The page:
Volume 29, Issue 32 pp. 5087-5330 (18 July 2011)
Difficulties in the prevention of cervical cancer: Adults’ attitudes towards HPV vaccination 3 years after introducing the vaccine in Hungary
Erika Marek, Timea Dergez, Antal Kricskovics, Krisztina Kovacs, Gabor Rebek-Nagy, Katalin Gocze, Istvan Kiss, Istvan Ember, Peter Gocze
Cervical cancer is one of the most prevalent gynaecological malignancies worldwide. The Hungarian incidence and mortality of this disease take the 4th–5th places within the European Union. A survey including 785 male and female adults was conducted to assess the knowledge and attitudes concerning HPV vaccination. We focused on the difficulties of the primary and secondary prevention of cervical cancer and examined some potential sociodemographic predictors of HPV vaccine acceptability.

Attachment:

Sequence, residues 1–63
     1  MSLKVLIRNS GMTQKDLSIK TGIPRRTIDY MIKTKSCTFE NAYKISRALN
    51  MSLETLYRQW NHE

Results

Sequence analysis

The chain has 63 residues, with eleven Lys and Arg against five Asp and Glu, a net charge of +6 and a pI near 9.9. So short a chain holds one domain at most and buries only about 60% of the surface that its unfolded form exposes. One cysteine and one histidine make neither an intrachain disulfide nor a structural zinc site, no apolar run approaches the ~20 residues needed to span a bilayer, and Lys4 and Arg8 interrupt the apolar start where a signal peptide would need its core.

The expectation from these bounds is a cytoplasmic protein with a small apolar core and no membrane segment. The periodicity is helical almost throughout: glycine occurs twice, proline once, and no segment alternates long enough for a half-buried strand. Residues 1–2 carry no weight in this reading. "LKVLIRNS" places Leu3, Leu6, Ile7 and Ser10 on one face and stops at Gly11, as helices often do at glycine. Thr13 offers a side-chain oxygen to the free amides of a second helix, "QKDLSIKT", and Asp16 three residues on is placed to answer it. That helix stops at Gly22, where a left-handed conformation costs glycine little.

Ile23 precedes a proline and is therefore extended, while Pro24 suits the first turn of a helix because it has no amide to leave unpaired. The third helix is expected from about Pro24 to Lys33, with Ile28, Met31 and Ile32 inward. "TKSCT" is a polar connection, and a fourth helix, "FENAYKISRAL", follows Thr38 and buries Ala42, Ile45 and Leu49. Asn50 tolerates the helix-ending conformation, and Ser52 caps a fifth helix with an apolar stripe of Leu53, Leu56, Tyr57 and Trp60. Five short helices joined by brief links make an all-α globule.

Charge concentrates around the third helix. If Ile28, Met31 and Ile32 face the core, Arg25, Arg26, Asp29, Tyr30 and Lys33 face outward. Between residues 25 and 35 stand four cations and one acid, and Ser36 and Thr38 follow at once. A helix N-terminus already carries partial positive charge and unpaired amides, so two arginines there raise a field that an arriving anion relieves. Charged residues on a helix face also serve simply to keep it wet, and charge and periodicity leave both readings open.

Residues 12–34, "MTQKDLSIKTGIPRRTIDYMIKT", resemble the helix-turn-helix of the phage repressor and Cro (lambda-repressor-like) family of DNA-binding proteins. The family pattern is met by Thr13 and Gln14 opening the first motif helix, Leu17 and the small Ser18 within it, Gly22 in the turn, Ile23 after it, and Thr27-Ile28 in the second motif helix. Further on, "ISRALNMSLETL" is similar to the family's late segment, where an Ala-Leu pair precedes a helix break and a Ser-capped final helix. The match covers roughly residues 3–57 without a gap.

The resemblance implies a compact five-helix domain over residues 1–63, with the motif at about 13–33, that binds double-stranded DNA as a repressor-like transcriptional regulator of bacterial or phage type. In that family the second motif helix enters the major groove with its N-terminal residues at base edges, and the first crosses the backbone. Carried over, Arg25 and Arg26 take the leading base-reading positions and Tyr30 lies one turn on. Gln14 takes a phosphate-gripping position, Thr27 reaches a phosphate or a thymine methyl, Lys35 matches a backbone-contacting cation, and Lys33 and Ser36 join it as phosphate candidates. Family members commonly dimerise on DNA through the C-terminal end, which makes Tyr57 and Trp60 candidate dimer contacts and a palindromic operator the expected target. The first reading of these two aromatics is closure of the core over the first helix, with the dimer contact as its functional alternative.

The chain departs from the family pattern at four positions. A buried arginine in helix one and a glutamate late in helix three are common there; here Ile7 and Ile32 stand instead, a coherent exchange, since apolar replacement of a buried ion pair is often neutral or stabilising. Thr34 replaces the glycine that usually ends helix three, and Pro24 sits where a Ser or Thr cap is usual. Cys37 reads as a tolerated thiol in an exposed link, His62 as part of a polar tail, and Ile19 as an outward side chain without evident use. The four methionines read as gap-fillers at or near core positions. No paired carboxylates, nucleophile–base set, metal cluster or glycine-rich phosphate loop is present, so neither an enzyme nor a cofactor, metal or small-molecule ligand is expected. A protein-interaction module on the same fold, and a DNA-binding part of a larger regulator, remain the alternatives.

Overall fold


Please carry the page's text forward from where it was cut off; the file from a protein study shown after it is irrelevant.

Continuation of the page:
Our findings have identified some important issues like: incomplete knowledge, intense distrust and financial concerns. Almost half of the college students (45.6%) are unaware of HPV infections. We confirmed previous findings that older age and female gender correlates with better knowledge on STDs, including HPV. We found that greater exposure to health information comes with better knowledge and more positive attitudes towards vaccination.
One quarter of survey respondents do not believe that cervical cancer may be prevented by vaccination. More than half of the adults do not trust national health care system and the preparedness of Hungarian doctors. General attitudes towards vaccination are broadly positive, 80% of survey participants had expressed desire towards HPV vaccination, however if there was a need to pay for the vaccination the willingness would decrease by half.
Primary prevention through HPV-focused educational programs, clear communication and financial support would be important for public health to reduce the high incidence and mortality of cervical cancer in Hungary in the future.